If he signed a promissory note, you have a good chance of getting a judgment against him, which means you can garnish his bank account and/or wages. Talk with a consumer debt attorney in your area. Good luck.
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Oh, Boy! He said she said, I thought, it was like this your honor. The judges love this kind of family tiff. You do have a problem or two. Did you get the loan and repayment agreement in writing? It has been so long that the Statute of Limitations might be a defense that your relative could raise if you were to sue. I think the best way to handle this is with as much diplomacy as possible. Is his mother still living? If so, perhaps you could just let her indicate that the loan was not repaid by her and see if sonny does the right thing. Good Luck!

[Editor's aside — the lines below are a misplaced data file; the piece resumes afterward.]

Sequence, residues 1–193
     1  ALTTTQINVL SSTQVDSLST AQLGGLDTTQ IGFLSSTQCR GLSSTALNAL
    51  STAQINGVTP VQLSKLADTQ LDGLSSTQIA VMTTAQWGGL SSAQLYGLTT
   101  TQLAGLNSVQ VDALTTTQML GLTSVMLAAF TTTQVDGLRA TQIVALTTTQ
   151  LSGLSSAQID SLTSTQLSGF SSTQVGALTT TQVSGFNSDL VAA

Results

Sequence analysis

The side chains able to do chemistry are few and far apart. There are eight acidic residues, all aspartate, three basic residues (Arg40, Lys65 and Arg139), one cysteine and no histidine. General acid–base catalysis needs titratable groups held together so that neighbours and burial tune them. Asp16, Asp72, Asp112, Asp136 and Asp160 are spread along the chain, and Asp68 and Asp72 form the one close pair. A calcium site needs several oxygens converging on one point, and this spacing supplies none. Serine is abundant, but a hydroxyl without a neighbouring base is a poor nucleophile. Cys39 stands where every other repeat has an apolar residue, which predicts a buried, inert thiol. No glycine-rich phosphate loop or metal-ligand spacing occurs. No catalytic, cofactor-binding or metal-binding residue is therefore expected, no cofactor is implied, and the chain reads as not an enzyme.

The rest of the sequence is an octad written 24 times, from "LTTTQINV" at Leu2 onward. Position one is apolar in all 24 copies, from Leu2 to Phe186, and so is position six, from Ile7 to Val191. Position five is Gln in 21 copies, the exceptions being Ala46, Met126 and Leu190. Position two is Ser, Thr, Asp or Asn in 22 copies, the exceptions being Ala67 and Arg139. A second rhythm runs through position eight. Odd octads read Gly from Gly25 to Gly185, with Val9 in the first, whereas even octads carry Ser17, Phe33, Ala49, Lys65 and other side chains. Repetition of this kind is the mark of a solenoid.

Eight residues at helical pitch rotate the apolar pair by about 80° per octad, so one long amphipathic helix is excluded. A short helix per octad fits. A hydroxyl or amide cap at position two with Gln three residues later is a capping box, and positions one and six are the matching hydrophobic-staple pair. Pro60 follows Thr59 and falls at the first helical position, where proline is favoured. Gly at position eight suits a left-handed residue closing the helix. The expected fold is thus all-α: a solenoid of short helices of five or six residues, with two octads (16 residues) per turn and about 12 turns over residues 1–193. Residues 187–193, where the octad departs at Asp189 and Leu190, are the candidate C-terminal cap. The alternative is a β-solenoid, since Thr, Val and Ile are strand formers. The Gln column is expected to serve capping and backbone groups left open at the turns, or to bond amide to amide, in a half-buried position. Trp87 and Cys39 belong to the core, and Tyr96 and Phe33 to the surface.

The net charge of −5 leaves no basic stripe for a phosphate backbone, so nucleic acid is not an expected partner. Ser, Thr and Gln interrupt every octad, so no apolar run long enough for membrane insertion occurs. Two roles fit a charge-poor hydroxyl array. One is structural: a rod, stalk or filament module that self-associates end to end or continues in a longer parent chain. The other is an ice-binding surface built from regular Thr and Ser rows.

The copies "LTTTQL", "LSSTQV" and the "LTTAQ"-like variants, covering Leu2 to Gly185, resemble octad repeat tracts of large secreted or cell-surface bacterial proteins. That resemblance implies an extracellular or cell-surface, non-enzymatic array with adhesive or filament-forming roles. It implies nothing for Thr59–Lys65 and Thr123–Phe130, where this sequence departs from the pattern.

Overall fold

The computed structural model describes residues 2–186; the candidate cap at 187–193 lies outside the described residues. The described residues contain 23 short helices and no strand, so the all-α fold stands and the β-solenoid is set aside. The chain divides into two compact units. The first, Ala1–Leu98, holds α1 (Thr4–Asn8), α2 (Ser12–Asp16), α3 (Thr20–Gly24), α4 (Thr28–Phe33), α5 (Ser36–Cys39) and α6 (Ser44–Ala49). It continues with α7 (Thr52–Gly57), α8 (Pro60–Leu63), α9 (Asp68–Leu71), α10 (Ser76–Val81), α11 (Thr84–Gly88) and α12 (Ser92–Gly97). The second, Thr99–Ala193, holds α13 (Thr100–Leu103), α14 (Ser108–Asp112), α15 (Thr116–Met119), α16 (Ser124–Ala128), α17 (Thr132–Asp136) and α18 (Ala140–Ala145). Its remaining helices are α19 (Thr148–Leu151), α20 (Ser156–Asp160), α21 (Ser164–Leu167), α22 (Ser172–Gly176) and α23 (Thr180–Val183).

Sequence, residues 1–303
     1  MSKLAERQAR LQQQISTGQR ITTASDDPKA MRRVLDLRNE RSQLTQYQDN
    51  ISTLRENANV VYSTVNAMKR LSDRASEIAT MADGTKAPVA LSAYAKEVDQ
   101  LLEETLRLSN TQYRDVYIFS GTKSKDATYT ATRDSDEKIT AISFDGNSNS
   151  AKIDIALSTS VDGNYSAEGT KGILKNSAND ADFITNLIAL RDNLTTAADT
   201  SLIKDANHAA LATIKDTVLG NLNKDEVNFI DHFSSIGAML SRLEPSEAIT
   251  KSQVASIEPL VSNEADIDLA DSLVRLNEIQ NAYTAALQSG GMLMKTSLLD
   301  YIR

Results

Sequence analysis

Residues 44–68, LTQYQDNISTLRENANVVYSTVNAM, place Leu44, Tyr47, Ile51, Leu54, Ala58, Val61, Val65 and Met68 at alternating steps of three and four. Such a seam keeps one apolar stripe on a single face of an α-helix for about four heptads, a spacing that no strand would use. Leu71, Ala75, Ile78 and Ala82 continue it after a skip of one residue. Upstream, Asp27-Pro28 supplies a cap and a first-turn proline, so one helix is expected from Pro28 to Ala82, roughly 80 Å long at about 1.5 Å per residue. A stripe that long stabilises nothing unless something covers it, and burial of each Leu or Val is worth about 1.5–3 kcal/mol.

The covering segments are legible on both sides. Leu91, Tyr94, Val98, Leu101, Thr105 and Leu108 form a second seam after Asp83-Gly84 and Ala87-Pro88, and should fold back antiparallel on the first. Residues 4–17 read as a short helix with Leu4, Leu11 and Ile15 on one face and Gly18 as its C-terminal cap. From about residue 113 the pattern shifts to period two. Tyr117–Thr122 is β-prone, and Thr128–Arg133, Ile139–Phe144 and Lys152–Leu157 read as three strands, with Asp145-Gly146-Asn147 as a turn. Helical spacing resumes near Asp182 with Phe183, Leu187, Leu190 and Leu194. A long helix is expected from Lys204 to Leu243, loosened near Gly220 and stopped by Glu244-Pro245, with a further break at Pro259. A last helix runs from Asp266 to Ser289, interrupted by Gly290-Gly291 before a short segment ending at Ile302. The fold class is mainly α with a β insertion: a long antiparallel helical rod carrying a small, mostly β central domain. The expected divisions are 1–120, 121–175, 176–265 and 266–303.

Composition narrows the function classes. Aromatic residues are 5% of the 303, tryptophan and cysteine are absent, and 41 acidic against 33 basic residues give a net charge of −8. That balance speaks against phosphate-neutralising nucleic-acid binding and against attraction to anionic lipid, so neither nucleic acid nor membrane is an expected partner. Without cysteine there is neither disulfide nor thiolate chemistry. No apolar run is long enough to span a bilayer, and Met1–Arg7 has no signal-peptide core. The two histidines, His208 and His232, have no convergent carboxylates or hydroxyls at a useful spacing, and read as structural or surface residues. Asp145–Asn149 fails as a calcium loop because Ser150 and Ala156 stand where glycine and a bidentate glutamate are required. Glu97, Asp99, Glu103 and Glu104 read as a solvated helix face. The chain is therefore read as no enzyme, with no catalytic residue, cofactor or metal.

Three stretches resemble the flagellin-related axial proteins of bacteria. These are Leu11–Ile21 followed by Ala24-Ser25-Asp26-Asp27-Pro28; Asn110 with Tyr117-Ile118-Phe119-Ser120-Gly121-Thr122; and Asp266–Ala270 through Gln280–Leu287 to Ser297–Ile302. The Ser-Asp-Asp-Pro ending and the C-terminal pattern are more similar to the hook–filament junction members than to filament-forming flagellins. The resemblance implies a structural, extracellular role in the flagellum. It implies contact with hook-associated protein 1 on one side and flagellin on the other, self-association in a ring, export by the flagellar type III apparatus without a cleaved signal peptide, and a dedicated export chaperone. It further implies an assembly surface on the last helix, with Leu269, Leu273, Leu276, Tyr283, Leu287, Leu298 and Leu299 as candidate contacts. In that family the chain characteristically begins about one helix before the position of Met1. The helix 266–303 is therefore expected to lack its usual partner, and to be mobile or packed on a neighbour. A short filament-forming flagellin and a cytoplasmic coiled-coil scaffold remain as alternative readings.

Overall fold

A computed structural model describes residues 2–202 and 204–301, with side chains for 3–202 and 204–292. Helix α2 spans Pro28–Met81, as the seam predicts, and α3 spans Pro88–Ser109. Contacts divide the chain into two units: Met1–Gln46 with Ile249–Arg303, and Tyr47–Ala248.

You wrote, "I loaned a relative large amount 25 years ago... In case he refuses,do I have any legal standing to make him pay,in view of the fact it is an old loan?"
A: The Statute of Limitations ("SOL") for bringing a claim has almost certainly run out.
Based on the information you have provided it would appear that the statute of limitations has run. A written agreement in Connecticut has a statue of limitations of 6 years. Your best bet would be to get him to enter into a new written payment agreement. good luck.
Disclaimer: The foregoing answer does not create an attorney-client relationship with Attorney Cannella or her firm. This answer does not constitute legal advice, is provided for informational and educational purposes only for persons interested in the subject matter, is not legal opinion, nor confidential in nature. Each situation is fact specific and may be subject to state specific laws. Without a comprehensive consultation and review of all the facts and documents at issue it is impossible to evaluate a legal problem fully.